A. Most of my support is from Israelis who do not want to define themselves as part of streams. Most Israelis are not Orthodox, yet are also not affiliated with any non-Orthodox stream—even if occasionally the synagogue they put their foot into is an Orthodox one. Beyond this, most of them hunger to be more exposed to Jewish heritage. What they find in my approach is...that I try to respect everybody without regard to which kind of yarmulke he wears on his head or if he wears a yarmulke at all. People are pleased that [Tzohar rabbis] don’t try to be coercive. We try to teach people our way, but we give full respect and dignity to others.
Q. Why is the chief rabbinate relevant to diaspora Jews? What is your approach to those who are not Orthodox?
A. Within the guidelines of halakha, I am willing to be as open as possible and I feel strongly that there is a need to increase the level of dignity between all streams of Judaism. In particular, there is a problem with olim…who are fully Jewish but are not recognized as such when it comes to aliya. We want them to be able to get married halakhically in the State of Israel. Therefore, the way the system helps them to prove that they are Jewish is exceptionally important. Every year we have hundreds of cases of Americans who made aliya and we in Tzohar are the only ones to help them prove they are Jewish. When we are in the office of the chief rabbinate, we intend to establish the infrastructure that will be able, on a national level, to help all Jews who want to make aliya and want to be a part of the Jewish people, to help them prove that they are Jewish and not abandon them to this quest on their own.
Q. And what about Jews who do not make aliya?
A. The chief rabbinate should be a key address for dialogue between the Jewish people in the diaspora and the State of Israel. The chief rabbi must also have a role in the relationship between religions. I have taken part in fascinating dialogues with Christians and Muslims. Regarding the relationship between Israel and the diaspora, the chief rabbinate has to take a very important role in helping Jews worldwide to cooperate with partners on many issues that we share.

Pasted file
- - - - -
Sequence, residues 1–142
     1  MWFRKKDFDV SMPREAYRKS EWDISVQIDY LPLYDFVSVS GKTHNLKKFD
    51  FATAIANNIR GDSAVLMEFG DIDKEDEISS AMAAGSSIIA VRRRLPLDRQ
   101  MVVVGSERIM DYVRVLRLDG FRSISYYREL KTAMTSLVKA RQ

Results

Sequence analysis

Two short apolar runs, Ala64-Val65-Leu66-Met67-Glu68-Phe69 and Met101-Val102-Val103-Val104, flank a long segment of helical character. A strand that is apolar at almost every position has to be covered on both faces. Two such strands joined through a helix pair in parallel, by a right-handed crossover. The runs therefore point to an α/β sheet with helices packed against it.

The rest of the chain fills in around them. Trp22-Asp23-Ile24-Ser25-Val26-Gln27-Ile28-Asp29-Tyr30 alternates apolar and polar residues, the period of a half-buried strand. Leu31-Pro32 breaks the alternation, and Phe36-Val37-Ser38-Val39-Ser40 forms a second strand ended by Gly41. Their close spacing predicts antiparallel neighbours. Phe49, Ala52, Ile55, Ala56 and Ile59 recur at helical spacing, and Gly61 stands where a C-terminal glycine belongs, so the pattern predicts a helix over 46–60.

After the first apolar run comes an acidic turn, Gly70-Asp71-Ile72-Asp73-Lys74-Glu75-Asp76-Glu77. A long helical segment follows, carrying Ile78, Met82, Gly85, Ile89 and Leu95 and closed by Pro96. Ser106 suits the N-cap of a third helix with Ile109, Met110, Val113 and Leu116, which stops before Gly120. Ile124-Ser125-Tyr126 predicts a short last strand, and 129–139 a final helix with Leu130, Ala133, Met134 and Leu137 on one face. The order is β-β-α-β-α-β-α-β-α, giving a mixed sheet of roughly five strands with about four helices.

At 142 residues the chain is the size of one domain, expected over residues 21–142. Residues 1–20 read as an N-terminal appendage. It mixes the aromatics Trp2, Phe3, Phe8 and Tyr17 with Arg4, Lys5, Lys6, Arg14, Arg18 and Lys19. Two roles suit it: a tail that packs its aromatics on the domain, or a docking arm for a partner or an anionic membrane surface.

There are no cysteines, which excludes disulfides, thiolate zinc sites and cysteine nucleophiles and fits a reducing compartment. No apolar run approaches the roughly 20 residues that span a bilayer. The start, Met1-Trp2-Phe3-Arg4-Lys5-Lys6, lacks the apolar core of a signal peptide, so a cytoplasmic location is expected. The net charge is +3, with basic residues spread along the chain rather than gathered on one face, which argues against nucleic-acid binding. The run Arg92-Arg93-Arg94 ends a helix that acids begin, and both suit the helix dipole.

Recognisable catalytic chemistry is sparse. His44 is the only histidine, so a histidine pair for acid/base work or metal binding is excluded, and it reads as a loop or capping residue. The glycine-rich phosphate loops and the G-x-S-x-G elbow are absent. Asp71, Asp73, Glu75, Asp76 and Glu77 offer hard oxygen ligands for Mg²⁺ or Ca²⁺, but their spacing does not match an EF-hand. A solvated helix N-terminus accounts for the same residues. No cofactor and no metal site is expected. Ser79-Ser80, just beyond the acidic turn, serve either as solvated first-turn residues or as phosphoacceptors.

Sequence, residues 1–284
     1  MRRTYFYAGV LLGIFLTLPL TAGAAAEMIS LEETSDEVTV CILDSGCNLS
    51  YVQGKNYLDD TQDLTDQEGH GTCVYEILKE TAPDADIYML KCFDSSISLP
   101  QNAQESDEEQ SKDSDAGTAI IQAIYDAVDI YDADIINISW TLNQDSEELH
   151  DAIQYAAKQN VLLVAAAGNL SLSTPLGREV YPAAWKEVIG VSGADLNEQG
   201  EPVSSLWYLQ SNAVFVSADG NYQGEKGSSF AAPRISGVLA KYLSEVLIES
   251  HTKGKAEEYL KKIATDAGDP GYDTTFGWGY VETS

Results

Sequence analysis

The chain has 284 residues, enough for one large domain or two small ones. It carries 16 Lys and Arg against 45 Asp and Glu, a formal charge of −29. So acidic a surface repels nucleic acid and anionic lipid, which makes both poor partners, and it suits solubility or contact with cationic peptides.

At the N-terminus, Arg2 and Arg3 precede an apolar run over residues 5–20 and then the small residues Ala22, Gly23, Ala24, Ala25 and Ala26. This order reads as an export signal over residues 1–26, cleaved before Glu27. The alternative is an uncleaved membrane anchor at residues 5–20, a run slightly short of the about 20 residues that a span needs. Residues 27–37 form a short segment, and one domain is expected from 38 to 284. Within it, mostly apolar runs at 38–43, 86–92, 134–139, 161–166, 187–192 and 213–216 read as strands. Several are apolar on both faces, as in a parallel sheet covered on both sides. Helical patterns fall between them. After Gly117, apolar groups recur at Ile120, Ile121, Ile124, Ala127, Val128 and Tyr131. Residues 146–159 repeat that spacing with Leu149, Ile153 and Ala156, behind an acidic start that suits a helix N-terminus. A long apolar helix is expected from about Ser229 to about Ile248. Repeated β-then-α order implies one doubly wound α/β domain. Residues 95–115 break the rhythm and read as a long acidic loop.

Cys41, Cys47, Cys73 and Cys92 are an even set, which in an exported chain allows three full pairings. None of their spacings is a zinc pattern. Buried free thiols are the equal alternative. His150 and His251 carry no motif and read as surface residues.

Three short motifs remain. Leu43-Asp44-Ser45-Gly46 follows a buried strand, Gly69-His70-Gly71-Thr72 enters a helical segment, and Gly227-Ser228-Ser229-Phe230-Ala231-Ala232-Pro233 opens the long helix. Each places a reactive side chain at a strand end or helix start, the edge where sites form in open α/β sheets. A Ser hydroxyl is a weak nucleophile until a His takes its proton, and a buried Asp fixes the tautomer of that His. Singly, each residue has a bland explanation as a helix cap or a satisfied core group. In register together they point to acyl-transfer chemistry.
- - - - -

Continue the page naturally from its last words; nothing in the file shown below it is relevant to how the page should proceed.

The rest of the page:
Q. Tzohar is widely respected. What are its goals?
A. We started this organization after the assassination of Yitzhak Rabin. We believed that the tension between different parts of Israeli society, manifested in a bitter divide between the right-wing camp associated with the religious and the left-wing camp associated with the secular, was the most existential threat we faced as a nation. We started with weddings—helping young secular couples get married—in Israel, with joy, not as wedding refugees in Cyprus where they go to escape the bureaucracy and limitations that come with marriage under the religious authorities in Israel. [In 2012, 9,000 Israeli couples married in civil ceremonies outside of Israel.] We continued with bride counseling and organizing prayers outside formal synagogues, in cultural centers, on Yom Kippur. We moved to celebrating many holidays for people who rarely enter the synagogue. We started a project called Shorashim [roots] to help North and South American immigrants prove they are Jewish, which is necessary to secure their immigration under Israel’s Law of Return. We are talking about 1.3 million people who had to prove their Jewish identity. At times we laugh and say we started as an organization to bridge gaps but now we are totally dedicated to helping Israeli society survive the social challenges that exist in the expanding divide between the religious and secular camps.
Q. There is an upsurge in religious Zionism, especially in the recent elections. Is the focus moving from Land of Israel and settlement issues to social and economic ones?
A. The religious Zionist movement realized that these social areas were neglected in the last two decades. We paid a price for that. Many Israelis don’t see a political solution for the century-long Arab-Israeli conflict and, therefore, people understand that what will drive our existence in Israel are our internal issues rather than external ones. More people are refocusing on values and how we treat each other, and this is also growing within the religious Zionist movement.